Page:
Track Premiere + Interview: Imani Coppola – “Sage”

Posted: by The Editor

We’re thrilled to be bringing you “Sage,” a new track from New York born songwriter Imani Coppola. Coppola says of the song, “I wrote Sage as a reminder to myself that I am ultimately the only one responsible for my behavior and actions. Another mass shooting had just occurred in America and I felt myself brimming with an anger so fierce that if left unchecked I might have actually become everything I was loathing. If you stare into the void for too long, you become the void, or something to that effect.” You can check out our interview with her below while you jam the new song.

Imani Coppola has been making music for almost her entire life, and it’s just not enough anymore. Having signed a deal with Columbia Records at 19 in 1997, Coppola has traversed up and down the rungs of the industry, and is finally settling on a sound she can be proud of. But, it may be, as she jokes, “like a swan song or something.” Before the upcoming release of her 12th solo album, “The Protagonist,” due October 4th via Ipecac Records, I had the pleasure of talking with her about the impact of her artistry on her personal future, and the struggles and rewards of getting back to the basics of DIY production. 

To start, I asked Coppola how her extensive history as a songwriter and musician affected the creation of this record, and if she attempted any new techniques or sounds this time around.

“I tried to make it affordable,” she stated bluntly. “This project is more DIY than I’ve ever been. I had to learn how to play bass so I could track the whole thing myself, and it ended up being one of my favorite experiences of the process. The approach to this album is more personal, as it’s all a learning process, but that challenge is what makes it so rewarding. Going from start to finish, on your own.”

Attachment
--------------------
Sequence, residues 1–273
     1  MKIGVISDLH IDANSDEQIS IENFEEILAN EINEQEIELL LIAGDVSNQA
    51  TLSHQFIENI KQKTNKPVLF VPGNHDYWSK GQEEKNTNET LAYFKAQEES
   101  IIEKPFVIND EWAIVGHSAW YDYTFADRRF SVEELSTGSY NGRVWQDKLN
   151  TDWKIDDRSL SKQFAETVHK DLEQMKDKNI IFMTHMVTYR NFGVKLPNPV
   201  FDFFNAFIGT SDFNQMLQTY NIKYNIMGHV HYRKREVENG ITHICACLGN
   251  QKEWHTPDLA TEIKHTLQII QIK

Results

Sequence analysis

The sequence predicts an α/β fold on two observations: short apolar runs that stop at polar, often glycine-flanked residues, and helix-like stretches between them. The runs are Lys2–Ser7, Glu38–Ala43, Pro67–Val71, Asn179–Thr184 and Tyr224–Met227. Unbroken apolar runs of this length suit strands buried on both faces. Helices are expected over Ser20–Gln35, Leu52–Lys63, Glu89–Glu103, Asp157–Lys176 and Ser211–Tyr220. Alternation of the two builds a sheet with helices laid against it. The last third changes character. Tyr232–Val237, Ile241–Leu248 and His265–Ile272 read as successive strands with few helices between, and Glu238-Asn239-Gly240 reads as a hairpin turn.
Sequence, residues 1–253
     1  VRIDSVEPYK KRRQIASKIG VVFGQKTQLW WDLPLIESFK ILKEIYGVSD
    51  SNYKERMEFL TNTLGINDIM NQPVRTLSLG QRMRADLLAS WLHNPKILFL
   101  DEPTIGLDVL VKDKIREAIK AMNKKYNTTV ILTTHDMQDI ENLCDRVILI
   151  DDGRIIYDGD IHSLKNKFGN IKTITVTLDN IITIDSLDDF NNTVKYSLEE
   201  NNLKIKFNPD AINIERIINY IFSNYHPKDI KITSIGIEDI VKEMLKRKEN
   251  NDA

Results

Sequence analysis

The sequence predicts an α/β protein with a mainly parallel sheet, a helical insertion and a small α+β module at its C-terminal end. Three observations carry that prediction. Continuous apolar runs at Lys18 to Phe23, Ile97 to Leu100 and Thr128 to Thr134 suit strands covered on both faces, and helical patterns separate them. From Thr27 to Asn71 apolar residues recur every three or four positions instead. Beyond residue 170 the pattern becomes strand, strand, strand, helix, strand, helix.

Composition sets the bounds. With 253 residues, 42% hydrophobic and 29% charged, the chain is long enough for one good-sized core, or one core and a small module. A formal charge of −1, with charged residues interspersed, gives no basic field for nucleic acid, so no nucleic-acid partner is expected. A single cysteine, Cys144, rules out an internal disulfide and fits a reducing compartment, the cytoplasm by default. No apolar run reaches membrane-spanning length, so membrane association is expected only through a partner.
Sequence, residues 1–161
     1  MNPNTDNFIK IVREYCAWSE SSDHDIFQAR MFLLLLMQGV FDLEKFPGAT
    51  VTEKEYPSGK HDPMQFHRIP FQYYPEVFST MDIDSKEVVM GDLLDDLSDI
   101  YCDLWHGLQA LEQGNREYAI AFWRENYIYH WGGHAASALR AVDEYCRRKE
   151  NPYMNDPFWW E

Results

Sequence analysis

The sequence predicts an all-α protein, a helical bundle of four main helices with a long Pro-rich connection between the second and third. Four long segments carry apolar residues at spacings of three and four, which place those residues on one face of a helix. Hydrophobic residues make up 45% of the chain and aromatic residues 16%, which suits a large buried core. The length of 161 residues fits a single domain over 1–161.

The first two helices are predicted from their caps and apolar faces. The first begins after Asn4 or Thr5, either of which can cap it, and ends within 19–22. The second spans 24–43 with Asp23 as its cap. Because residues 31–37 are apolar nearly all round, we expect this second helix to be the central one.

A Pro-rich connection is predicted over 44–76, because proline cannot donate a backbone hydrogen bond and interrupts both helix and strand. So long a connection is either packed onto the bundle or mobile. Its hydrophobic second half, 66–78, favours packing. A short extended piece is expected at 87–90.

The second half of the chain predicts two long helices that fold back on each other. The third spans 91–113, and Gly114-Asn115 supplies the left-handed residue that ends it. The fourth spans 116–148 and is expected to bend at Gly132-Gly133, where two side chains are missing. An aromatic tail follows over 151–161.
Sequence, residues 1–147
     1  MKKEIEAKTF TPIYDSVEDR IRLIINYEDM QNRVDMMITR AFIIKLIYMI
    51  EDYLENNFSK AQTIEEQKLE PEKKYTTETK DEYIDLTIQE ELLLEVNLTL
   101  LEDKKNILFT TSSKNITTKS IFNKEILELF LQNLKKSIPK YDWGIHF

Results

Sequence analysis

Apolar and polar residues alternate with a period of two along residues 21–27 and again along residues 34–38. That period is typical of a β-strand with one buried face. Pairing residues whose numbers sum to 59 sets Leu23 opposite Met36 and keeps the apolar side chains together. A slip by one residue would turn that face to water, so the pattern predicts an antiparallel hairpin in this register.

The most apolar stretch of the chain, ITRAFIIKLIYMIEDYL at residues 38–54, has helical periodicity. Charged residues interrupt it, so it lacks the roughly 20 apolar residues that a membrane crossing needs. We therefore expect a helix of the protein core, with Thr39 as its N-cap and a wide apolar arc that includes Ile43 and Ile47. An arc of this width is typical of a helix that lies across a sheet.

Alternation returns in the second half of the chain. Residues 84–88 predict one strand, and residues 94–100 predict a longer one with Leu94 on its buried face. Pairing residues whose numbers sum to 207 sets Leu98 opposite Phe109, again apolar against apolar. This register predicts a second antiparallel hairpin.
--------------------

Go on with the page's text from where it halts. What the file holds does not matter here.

Coppola’s stalwart personality flows through the whole album, as does the attention to detail. Besides the impressive mixture of genres within the music, that personality can also be seen in the artwork for “The Protagonist;” a black and white photo which depicts Coppola dressed in a pinstripe suit and smoking a cigarette, exuding the kind of tension and stoicism of a Humphrey Bogart still. I told her how much I liked the album art, and that it related well to the title. She laughed, saying, “It was very unplanned. I had gotten a call from some of my team asking me ‘Hey, Imani, do we have a cover for this thing yet, because we need one.’ I ended up finding this classic, mafia type photo and posture, and it just felt like exactly the kind of power I wanted “The Protagonist” to represent. The whole shoot and everything came together in like 30 minutes, and I felt like it was an overlooked part of the process, so I’m glad you think it fits!”

The photo had gotten me wondering about the role of the titular protagonist and, adversely, who became the antagonist. When I raised this question to her, Coppola replied, “I’m both, actually. It’s this idea of being the hero of your own story, which for me is navigating racism and sexism as an artist; something I’ve been doing since day one. Just, like, outsmarting and outdoing everyone so I’ll be accepted as a capable person makes me the protagonist, because I’m doing my best to prevail in this story. However, I’m also being the antagonist by shying away from my true self in order to be accepted. The idea that I have to pick and choose those battles based on how often I feel like expending the energy is bullshit. At the end of it all, I’m kind of alone in it and have to be my own support system, but that’s what makes me my own hero.”